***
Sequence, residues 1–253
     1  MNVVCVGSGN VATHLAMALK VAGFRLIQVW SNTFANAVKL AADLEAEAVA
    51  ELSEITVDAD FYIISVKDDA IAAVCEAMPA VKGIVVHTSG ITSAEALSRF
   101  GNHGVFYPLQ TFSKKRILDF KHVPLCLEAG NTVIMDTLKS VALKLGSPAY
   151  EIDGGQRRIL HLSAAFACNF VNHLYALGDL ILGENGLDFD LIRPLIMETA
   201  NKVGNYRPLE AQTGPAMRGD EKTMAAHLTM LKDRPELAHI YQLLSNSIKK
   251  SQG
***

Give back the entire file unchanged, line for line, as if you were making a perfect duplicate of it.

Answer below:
Sequence, residues 1–253
     1  MNVVCVGSGN VATHLAMALK VAGFRLIQVW SNTFANAVKL AADLEAEAVA
    51  ELSEITVDAD FYIISVKDDA IAAVCEAMPA VKGIVVHTSG ITSAEALSRF
   101  GNHGVFYPLQ TFSKKRILDF KHVPLCLEAG NTVIMDTLKS VALKLGSPAY
   151  EIDGGQRRIL HLSAAFACNF VNHLYALGDL ILGENGLDFD LIRPLIMETA
   201  NKVGNYRPLE AQTGPAMRGD EKTMAAHLTM LKDRPELAHI YQLLSNSIKK
   251  SQG